Saunders argued these youth were not responsible enough to handle the funds, but Justice Wilson rejected this argument. He noted there were tools in place to ensure the youth would spend the money on appropriate purchases, such as accompanying them on their shopping trips, or distributing the funds through vouchers for specific stores.
Another specific example of youth being deprived of the funds they were entitled to comes from one of the 24 youth under Saunders' care who's referred to as “Victim H.” The identities of all the youth involved are covered under a sweeping publication ban.
Victim H was one of a number of youth in Saunders' care who had an “Independent Living Agreement” set up by Saunders, where the MCFD would provide cheques of $579 twice a month for expenses like rent and food to young people living on their own. Like many of the youth in Saunders' care, Victim H never received any of the ILA funds.
Saunders argued Victim H was not entitled to ILA funds, as he hadn't shown he was responsible enough to live on his own. Instead, Victim H bounced between different living arrangements during his teenage years. In text messages shown in court, Saunders actively discouraged another social worker from telling Victim H about the possibility of entering into an ILA, because Victim H was a “lucrative victim,” according to Justice Wilson.
But when Saunders was fired in January 2018, Victim H was placed on a legitimate ILA and he moved into his own place within a week, where he thrived. The social worker who replaced Saunders called Victim H an “ideal candidate” for the program, and Victim H regularly checked in with his new social worker to show how proud he was in successfully living independently.
“As a result [of Saunders' fraud], [Victim H] was in a position of bouncing back and forth between his father's and various friends' homes, at a time when he could have likely been living independently and successfully,” Justice Wilson said.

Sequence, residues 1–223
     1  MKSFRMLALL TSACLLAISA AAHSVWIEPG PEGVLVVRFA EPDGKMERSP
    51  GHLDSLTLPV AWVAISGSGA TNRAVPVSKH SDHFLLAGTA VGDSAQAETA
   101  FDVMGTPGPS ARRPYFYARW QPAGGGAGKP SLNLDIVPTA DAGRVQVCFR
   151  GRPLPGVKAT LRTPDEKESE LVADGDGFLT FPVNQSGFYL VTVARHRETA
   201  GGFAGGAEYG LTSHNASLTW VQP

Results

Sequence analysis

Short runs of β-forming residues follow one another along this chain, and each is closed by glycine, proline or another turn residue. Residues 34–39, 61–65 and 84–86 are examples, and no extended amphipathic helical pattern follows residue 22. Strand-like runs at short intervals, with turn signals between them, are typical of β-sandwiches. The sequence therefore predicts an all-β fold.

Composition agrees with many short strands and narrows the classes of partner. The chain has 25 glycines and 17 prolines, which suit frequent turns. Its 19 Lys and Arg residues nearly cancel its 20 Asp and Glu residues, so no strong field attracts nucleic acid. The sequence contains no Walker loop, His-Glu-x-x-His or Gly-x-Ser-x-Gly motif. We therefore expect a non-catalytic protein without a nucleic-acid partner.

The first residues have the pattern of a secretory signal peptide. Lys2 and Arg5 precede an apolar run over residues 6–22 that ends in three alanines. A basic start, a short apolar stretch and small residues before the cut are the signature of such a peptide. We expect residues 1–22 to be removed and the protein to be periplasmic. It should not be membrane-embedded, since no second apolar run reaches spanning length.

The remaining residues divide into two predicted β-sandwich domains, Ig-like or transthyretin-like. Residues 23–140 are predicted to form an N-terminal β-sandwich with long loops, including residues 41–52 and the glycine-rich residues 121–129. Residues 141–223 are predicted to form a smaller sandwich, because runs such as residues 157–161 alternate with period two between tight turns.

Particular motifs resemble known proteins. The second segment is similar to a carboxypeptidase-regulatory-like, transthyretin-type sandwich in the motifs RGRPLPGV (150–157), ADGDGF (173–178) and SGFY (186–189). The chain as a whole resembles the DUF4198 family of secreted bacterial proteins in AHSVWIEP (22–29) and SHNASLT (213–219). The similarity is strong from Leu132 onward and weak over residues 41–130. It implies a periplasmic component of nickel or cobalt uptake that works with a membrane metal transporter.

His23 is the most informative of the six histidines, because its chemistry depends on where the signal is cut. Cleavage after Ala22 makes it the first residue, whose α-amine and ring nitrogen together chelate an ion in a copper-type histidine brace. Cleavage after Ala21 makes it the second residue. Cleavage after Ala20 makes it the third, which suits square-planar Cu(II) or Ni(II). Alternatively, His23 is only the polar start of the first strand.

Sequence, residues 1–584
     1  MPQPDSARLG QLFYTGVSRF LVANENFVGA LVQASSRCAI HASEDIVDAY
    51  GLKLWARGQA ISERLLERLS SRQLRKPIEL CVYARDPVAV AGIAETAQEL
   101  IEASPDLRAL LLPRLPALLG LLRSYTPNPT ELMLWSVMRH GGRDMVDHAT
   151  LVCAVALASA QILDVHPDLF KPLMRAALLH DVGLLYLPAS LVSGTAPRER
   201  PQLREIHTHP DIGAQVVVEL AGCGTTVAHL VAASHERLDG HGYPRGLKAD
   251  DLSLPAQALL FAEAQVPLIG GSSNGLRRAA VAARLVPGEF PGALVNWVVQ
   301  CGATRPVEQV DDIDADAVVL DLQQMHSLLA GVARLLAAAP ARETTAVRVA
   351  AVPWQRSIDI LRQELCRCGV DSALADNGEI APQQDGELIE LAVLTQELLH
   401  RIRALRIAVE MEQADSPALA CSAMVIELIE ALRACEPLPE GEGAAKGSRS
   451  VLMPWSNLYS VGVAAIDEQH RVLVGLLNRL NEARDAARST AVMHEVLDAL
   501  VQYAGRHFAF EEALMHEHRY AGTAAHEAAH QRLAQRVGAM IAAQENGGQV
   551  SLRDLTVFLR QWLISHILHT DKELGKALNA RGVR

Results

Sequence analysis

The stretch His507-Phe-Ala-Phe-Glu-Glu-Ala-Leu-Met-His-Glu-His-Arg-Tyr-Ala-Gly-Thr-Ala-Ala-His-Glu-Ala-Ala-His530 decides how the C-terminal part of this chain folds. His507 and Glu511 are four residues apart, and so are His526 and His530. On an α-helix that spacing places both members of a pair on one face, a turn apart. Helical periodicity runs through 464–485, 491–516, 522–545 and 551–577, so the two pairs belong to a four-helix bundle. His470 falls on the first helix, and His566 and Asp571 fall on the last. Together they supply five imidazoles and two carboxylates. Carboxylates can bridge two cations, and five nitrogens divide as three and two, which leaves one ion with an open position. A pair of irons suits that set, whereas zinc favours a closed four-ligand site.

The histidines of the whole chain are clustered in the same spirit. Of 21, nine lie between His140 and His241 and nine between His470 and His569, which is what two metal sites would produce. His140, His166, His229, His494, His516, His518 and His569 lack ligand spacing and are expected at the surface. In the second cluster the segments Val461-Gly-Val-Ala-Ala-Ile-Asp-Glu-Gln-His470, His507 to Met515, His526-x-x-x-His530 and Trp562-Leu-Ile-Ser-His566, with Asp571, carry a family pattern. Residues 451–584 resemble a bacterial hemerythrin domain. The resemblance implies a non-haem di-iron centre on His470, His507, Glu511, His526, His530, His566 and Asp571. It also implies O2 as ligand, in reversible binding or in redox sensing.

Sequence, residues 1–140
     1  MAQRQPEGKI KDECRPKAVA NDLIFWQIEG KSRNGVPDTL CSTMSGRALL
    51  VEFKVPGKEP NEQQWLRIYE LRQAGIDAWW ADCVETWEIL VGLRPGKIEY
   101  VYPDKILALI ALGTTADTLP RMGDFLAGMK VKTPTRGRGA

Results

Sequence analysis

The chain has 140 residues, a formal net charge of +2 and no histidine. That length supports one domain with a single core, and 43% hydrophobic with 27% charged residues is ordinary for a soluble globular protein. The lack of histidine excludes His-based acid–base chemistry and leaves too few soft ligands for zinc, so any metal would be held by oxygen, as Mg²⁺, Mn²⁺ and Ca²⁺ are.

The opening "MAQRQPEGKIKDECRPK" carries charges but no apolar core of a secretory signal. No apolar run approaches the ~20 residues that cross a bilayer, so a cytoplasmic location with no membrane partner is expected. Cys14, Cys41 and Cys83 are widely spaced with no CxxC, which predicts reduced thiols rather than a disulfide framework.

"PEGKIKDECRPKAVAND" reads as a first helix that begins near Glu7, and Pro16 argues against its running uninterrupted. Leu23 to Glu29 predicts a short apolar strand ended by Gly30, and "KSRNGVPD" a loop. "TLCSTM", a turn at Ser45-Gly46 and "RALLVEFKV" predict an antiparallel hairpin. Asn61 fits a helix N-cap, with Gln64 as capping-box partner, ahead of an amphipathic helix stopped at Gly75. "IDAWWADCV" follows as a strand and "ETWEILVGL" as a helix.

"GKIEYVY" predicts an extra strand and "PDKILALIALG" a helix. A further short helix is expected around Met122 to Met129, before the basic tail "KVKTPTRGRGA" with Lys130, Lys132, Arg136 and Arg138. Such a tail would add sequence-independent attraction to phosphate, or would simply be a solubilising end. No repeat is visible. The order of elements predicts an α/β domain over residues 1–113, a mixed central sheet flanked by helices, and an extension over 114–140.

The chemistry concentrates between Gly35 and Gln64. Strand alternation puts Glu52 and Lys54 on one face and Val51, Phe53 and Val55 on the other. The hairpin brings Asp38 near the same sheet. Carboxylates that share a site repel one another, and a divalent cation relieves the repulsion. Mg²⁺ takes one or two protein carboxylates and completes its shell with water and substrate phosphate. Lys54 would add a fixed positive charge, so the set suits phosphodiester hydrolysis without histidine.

“He was not provided with the opportunity to create a safer and more stable environment for himself that could only assist him in his future.”
While Justice Wilson found Victim H's case showed clear evidence that he was deprived of funds he was entitled to, he ruled that the other youth in Saunders' care had a “risk of deprivation” due to Saunders' fraud. The Supreme Court of Canada has ruled that the risk of deprivation in fraud cases is a relevant factor, and proof of actual loss is not required.
“Mr. Saunders never determined that any of the youth became suitable [for an ILA] as they became older and presumably more mature, because it was not in his financial interest to do so,” Justice Wilson said.
“The fact that the youth were never given the opportunity, means that no one will ever know whether they would have succeeded on an ILA.
“I conclude that the Crown has proven beyond a reasonable doubt that there was a risk of deprivation to all of the youth for whom ILA payments were misappropriated by Mr. Saunders.”
How these aggravating factors will ultimately impact Saunders' eventual sentence will be discussed during sentencing submission on June 22 and 23. The Crown's sentencing position is unknown at this time.